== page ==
As a writer, the book is a master class in RUE (resist the urge to explain). The reader is left to put the pieces of the jigsaw together in a way that the main character often isn’t able to. And, despite it being written in the first person, an entire world is unveiled surrounding the main character. I can’t begin to explain how so much was revealed with so little being said (certainly not without giving away spoliers.)

I think the enjoyment came from this, though. The reason the novel kept me awake was because I was actively involved in constructing the text, fleshing out the story, connecting the dots. The same was true of The Raven Boys, now I come to think about it. I’m starting to think of it as the art of secrets. Not glaringly obvious secrets, of the kind I might clumsily put in a novel – like Josh’s big secret in Two-Hundred Steps Home, or why Claire broke up with Michael. But more a subtle revelation of the bigger picture, like panning out in a movie and seeing the full context.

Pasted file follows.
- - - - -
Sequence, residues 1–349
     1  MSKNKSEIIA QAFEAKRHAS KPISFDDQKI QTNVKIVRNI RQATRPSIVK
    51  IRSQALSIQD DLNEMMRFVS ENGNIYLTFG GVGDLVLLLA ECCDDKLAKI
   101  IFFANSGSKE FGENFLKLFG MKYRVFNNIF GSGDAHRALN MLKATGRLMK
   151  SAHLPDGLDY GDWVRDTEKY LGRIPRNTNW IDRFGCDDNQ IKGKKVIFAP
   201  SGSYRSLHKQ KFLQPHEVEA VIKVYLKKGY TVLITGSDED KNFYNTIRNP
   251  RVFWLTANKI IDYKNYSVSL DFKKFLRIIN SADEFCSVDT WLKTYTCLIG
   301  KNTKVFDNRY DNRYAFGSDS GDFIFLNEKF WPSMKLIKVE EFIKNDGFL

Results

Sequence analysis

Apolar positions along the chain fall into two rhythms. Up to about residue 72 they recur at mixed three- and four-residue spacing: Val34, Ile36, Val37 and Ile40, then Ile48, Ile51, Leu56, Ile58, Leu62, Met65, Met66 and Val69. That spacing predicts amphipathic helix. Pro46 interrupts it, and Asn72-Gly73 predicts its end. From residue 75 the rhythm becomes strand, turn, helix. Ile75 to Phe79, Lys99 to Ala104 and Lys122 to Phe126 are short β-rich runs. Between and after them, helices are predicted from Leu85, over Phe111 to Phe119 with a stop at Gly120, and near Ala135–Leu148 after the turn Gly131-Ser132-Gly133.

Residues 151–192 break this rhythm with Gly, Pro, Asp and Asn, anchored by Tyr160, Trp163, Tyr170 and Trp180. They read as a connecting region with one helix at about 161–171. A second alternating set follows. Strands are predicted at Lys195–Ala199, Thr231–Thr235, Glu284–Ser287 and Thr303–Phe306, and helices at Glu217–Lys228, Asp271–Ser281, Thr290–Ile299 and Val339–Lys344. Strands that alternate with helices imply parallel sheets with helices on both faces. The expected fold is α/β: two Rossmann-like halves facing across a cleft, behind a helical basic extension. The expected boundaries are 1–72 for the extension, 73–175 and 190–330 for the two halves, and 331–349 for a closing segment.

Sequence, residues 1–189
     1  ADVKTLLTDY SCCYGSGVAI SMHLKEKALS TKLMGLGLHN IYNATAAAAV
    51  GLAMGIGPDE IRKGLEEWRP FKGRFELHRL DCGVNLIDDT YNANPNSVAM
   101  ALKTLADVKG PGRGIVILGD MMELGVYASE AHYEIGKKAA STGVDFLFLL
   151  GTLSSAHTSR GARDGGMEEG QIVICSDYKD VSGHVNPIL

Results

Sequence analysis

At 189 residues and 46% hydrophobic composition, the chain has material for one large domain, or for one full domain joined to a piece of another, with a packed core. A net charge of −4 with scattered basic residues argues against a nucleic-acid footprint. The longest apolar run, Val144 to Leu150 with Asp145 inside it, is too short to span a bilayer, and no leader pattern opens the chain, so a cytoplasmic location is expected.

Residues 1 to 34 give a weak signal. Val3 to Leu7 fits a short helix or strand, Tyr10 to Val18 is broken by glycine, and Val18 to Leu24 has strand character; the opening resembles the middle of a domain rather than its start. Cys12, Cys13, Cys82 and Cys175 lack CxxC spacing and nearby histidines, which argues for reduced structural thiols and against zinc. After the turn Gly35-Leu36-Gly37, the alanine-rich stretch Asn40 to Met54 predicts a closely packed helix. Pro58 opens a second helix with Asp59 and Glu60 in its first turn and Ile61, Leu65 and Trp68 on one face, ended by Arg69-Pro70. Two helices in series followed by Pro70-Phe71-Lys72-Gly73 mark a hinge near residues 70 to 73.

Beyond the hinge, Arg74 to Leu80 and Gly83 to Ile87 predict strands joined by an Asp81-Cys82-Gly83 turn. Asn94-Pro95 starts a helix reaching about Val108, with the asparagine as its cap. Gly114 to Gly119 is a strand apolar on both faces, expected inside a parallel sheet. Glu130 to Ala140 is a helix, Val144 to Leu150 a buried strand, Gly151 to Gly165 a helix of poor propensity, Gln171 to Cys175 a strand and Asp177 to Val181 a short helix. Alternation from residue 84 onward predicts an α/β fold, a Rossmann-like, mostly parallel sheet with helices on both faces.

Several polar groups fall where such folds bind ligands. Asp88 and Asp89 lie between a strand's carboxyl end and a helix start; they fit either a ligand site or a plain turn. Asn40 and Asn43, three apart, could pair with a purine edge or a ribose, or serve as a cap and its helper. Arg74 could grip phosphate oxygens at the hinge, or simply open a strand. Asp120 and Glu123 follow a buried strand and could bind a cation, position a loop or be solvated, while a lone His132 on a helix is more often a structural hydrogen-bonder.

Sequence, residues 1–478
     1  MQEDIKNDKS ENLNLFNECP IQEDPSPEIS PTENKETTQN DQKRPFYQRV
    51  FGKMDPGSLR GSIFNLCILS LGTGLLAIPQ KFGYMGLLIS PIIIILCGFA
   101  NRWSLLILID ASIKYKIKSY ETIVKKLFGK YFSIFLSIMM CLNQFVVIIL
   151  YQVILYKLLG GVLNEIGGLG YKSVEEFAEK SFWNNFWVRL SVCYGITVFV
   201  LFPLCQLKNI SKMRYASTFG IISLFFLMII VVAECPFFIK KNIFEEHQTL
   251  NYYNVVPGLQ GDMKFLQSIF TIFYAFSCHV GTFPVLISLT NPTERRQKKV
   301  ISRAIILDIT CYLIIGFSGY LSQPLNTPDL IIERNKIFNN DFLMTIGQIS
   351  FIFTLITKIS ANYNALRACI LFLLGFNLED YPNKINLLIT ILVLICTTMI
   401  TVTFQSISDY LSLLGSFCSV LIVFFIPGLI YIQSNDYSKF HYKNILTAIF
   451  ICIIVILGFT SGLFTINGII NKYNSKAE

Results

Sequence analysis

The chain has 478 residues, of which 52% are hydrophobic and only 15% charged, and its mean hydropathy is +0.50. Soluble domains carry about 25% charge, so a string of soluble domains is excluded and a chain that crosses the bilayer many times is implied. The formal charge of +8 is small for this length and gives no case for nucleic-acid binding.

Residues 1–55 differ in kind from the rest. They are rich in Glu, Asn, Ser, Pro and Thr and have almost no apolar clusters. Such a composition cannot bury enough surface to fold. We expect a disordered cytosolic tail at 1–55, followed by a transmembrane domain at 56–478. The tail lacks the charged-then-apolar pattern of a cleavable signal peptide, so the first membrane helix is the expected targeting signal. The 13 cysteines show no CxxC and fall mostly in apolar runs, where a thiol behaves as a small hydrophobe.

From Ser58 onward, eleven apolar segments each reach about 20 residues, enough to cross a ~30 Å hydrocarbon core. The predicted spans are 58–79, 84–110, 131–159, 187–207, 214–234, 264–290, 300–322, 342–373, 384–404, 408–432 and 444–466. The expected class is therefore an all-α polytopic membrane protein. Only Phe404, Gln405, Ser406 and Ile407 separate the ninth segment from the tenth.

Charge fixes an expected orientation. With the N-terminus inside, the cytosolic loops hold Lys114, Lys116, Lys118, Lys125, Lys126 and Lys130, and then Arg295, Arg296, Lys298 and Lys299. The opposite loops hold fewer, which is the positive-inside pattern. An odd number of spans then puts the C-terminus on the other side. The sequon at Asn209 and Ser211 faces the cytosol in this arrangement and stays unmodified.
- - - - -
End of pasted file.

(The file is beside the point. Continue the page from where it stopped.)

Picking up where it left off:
It is a goal I intend to aim for in my own novels, although I know I’ve got years of practice ahead of me before I get there. I don’t think it’s something that can be taught, but something that has to be learned through hard effort. I suspect it will also require me to become more a planner than a pantser. My natural writing style is to reveal everything as soon as it occurs to me (I’d make a rotten poker player). Instead I need to play it more like chess. Think fifteen moves ahead, prepared to change my plans if necessary, but keeping the moves secret for the reader to discover at the best moment.

I feel like my daughter; only just learning to read but wanting to be able to read adult books. I’m only just learning to write and I want to be able to write like that. Now! Now! Now! *Pouts*. Time to read a few craft books, consume a stack of fantastic novels, dip into a load more blogs and, more importantly, practice, practice, practice. I can feel (another) rewrite of Class Act coming. Bring it on.

Research and The Raven Boys

What Alex's London flat might look like

What Alex’s London flat might look like

I miss Claire. There, I’ve said it. I miss writing an installment of her journey each day, with a reasonable idea of where she was in the world, at least, and where her story was going. I miss guaranteed word count.